Iraq Contractor KBR Cited by Oversight Commission
August 11, 2009 (Associated Press) WASHINGTON - An independent panel examining waste and fraud in wartime spending accused contracting giant KBR Inc. on Tuesday of resisting government oversight and failing to cut costs on support work in Iraq.
During a hearing held by the Commission on Wartime Contracting, KBR defended its performance, telling the panel the company was under heavy pressure to meet the urgent demands of military commanders.
KBR's internal accounting and cost estimating systems have been inadequate since 2005, commissioners said, leading to questionable billings and drawn out arguments with federal auditors over hundreds of millions of dollars in charges.
Commissioner Dov Zakheim said KBR's top managers meet regularly with the Defense Contract Audit Agency. Yet the company has been unable to come up with solutions that satisfy the agency. By comparison, other large contractors, such as Dyncorp International, seem to work out their problems quickly, he said.
"Are you guys stonewalling?" asked Zakheim, a former Pentagon comptroller.
William Walter, KBR's senior vice president for government compliance, said the company was incurring expenses for the work it was doing in Iraq at the same time auditors were poring over the company's cost projections, a situation prone to confusion and disagreements.
"It's a vicious cycle that we were stuck in," Walter said. He described the disagreements over contract charges as "differences of judgments."
KBR is the primary support contractor in Iraq, providing troops with essential services, including housing, meals, mail delivery and laundry. The company has been paid more than $32 billion since 2001.
But in a prior report, the commission said billions of dollars of that amount ended up wasted due to poorly defined work orders, inadequate oversight and contractor inefficiencies.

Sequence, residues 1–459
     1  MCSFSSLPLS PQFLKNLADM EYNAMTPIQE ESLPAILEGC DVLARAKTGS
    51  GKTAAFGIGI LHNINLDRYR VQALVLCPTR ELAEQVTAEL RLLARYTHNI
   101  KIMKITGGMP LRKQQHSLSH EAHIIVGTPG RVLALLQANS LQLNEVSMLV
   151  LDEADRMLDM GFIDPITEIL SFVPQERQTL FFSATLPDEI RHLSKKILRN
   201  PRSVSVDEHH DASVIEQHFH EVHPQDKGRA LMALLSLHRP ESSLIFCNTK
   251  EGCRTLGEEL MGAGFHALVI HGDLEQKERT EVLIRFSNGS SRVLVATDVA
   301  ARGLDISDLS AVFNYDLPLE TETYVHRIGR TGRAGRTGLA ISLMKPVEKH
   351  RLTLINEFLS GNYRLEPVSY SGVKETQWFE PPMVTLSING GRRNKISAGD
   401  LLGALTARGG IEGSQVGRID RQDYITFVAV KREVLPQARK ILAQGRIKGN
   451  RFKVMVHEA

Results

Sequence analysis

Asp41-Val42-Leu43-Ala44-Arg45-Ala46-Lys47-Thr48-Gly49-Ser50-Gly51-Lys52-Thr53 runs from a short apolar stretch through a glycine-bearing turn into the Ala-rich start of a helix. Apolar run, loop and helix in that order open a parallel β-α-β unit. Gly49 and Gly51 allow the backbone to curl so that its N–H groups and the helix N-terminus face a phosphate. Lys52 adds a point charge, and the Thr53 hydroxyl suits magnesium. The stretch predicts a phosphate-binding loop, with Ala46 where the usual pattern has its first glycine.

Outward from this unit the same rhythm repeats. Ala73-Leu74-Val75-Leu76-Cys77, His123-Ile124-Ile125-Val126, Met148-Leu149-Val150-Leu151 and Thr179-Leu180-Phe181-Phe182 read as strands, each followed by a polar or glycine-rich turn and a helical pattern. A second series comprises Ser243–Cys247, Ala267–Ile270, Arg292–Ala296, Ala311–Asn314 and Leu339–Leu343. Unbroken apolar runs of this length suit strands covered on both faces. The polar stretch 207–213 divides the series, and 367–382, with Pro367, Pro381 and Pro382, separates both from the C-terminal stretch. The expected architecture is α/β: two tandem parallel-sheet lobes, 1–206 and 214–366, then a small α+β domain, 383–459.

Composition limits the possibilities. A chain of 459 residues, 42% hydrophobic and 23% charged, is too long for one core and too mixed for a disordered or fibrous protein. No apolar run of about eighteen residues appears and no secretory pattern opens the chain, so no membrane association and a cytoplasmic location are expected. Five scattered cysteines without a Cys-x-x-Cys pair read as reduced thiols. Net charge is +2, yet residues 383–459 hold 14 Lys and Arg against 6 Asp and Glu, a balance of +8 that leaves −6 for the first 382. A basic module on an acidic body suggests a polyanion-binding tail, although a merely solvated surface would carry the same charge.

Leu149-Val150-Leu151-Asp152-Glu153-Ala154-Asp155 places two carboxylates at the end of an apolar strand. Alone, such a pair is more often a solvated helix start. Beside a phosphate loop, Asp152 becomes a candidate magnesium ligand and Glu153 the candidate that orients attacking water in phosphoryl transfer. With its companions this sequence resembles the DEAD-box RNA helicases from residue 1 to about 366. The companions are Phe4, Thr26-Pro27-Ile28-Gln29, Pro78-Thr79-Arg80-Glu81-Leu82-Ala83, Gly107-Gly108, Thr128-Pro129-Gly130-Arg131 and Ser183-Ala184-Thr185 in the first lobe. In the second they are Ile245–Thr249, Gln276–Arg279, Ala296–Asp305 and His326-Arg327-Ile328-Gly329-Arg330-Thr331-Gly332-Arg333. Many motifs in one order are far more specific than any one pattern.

Commissioner Charles Tiefer said KBR is keeping more employees in Iraq than it should in order to keep charging the government for work even as U.S. forces are drawing down.
In late January, Army Gen. Ray Odierno, the top U.S. commander in Iraq, ordered military units to begin cutting U.S. contractors by 5 percent each quarter and to hire Iraqis instead.
Tiefer, a professor of government contracting at the University of Baltimore Law School, said figures he's compiled show KBR's personnel rates in Iraq are declining more slowly than others.
"They're slow rolling the drawdown," he said.
Walter said much work remains to be done in Iraq even as the U.S. presence is decreasing. That includes shutting down bases and housing units.
Commissioners also faulted KBR for building a $30 million dining facility at a U.S. base in Iraq shortly after the company had renovated the base's existing mess hall at a cost of $3.36 million.
The panel wanted to know whether KBR tried to tell the military the new facility was unnecessary, especially with American forces scheduled to be out of Iraq by the end of 2011.
Walter said the renovation work and the new facility were two separate contracts from two different Army agencies, evidence of the need for government to speak with "one voice."
"And nobody from KBR went to anybody senior in the Army and said, 'What in God's name are you doing?'" Zakheim said.
Walter said KBR does what it is told to do by the customer.
Commissioner Linda Gustitus asked Walter whether the company has been criticized by government officials for not proactively seeking cost savings.
Walter didn't answer immediately.
"The answer is yes, by the way," Gustitus said.